A: I do agree that my last two visits to Point Lobos in April and July show a greater variety of variegated shapes, subtle colors and different textures than my images from Maine. However, when I went to Point Lobos in December, I thought those images did not have as wide a variety of color as the Maine images. My July trip showed the greatest variety of subtle colors of all my Point Lobos trips. I believe that the clouds and the fog allowed the different colors to emerge. So, location and timing do make a significant difference. As I have become more experienced with capturing seashore intimate panoramas, I believe that my approach has evolved and I instinctively see more image possibilities.
Q: Here is a gorgeous composition in terms of form, color, and texture and it’s incredible to realize it was created by the forces of nature. How do you feel when you come upon something like this? Is there any kind of methodology other than artistic intuition that helps you to frame the shot?
A: I am always excited when I arrive on location. Then I have to calm down and be in the moment to explore and see potential images I want to take. I work in digital and I do not have the limitations of film, such as having only 36 images with 35 mm or four images with 6×17 cm cameras. That allows me to experiment and move around to find images I want to capture. I tend to stay in a location finding different images.
Q: What I like most about this image is that it’s a tableau or tapestry with a flowing form that suggests the shoreline and the presence of water but one remains uncertain whether the greyish area that dominates the left-hand part of the image is liquid or solid. This fascinatingly enigmatic character really draws the viewer in. Were you aware of these aspects when you composed the picture, and what does this image say to you personally?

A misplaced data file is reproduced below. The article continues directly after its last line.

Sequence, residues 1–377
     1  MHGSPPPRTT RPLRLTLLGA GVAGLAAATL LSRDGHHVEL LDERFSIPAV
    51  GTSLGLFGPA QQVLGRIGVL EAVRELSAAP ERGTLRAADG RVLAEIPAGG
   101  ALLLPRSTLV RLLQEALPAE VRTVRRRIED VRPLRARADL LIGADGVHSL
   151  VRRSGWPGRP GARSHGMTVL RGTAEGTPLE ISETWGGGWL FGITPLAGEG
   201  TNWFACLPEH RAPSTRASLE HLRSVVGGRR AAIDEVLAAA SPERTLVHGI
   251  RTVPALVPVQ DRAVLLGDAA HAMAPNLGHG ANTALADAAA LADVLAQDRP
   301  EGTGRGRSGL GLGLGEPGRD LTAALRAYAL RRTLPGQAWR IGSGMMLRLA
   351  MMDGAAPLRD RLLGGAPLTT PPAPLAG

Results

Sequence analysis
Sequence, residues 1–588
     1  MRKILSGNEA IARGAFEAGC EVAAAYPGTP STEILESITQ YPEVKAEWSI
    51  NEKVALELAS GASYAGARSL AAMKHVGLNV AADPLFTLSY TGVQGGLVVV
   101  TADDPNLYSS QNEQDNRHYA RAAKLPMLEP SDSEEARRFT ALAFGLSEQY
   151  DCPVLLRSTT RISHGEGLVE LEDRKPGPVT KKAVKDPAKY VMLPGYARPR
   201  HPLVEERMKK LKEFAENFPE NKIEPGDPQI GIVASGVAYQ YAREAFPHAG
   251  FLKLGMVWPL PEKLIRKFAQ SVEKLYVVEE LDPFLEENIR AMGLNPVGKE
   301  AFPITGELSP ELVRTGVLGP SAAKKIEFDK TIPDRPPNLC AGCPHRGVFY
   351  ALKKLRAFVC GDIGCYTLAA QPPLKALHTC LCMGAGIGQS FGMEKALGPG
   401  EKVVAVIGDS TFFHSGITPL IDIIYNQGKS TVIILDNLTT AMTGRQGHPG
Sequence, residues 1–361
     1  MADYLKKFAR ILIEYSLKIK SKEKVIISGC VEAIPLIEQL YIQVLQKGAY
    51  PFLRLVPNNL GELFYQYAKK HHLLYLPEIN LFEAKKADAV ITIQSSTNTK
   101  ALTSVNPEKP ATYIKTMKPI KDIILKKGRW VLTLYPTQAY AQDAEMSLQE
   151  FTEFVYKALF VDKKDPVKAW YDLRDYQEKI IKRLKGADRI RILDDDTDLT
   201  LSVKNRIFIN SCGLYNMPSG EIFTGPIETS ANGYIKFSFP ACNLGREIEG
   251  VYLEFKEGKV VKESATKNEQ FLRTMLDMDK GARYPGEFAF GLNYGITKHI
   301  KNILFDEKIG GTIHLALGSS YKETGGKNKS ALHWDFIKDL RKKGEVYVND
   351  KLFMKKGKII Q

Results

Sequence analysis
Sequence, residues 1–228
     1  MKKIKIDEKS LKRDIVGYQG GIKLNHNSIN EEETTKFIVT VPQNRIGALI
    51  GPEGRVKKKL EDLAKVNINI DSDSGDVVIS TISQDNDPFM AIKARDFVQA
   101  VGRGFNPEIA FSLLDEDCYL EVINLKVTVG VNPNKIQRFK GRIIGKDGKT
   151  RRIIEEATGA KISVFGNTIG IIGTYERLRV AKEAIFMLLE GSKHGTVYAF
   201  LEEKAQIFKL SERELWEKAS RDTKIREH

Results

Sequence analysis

A: I do not know that I was consciously aware of the enigmatic character when I was taking this image. However, I did notice that there was an enticing meeting of land and water. I was also attracted to this image because I was able to see clearly the rock forms under water. Then, the overcast daylight and the incoming fog allowed me to see underwater without too many reflections. When I was there three months before the tide was out, so it was impossible to take this type of image.
Q: Are there any upcoming projects that you’d like to share with our readers?
A: I’m traveling to Svalbard at the end of August. I hope to create a whole new series of images that reflect my growth as a photographer from Patagonia and the intimate landscapes.
Q: What are you most looking forward to when you travel to Svalbard and what kind of intimate landscapes do you expect to find there. By the way, do you research new locations before you journey there or pretty much take it as it comes?
A: I do research new locations beforehand because I need to have some idea of what images I want to take. However, once I get to a new location I take it as it comes. For example, when I went to Maine I thought I would be concentrating on the fall colors. Instead, I concentrated on intimate coastal rock images. On my trip to Svalbard, I hope to find amazing ice in many forms. However, I will be open to amazing landscapes and wildlife and I could even take long panoramas as I did for my Leica Gallery show.
Thank you for your time, Scott!
– Leica Internet Team
To see more of Scott’s work, check out his website.